The Federal Trade Commission, in a joint effort with attorneys general of all 50 states, have announced that a group of charities, purportedly started to help cancer survivors, are fraudulent. The Cancer Fund for America, the Breast Cancer Society, the Children’s Cancer Fund of America, and Cancer Support Services are alleged to have defrauded donors of $187 million between 2008 and 2012.
The charities are all run by a single extended family. James Reynolds Sr., his son, and his ex-wife run all four charities between them, and over the years have used approximately 3% of the money they’ve raised to actually help cancer patients. The other 97% went directly to the family, and was spent on a variety of personal items, such as college tuition, dating website subscriptions, concert tickets, and cruises.
According to CNN, who investigated the charities in 2013 and 2014, the charities claimed to donate millions of dollars worth of goods to cancer patients overseas. Following up on supposed shipments to Guatemala, CNN could find no evidence that any such good were ever sent.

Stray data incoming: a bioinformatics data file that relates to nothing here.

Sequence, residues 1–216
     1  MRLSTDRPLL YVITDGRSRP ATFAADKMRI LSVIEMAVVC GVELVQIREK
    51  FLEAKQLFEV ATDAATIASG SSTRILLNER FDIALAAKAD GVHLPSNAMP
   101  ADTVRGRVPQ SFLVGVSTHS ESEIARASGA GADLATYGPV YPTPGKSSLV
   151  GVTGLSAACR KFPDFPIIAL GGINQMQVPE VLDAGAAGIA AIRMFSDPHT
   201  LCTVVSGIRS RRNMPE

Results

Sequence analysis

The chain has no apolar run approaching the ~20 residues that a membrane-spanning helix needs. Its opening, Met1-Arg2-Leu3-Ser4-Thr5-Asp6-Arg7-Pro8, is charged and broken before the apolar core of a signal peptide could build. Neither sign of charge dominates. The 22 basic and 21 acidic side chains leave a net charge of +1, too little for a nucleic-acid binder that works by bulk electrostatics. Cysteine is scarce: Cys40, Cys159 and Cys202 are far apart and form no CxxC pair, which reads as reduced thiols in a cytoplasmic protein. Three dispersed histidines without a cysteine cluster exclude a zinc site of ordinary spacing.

The organizations have refused to issue statements, even going so far as to state, on the Breast Cancer Society website, that they will not engage in a public legal battle, as it does not serve the people they purport to help. That group and the Children’s Cancer Fund of America are being dissolved, but the others remain. The government is seeking around $90 million in fines, but according to the FTC, few of the assets remain, and they would be lucky to recover about $1 million.
That such a small amount of the money stolen from charitable people can be reclaimed might be the worst part of the whole case. To take advantage of people in the name of charity is despicable, and while the case is not resolved yet, the evidence against these “charities” is quite strong. Hopefully, the FTC will be able to reclaim some of these assets and maybe that money can be put to good use.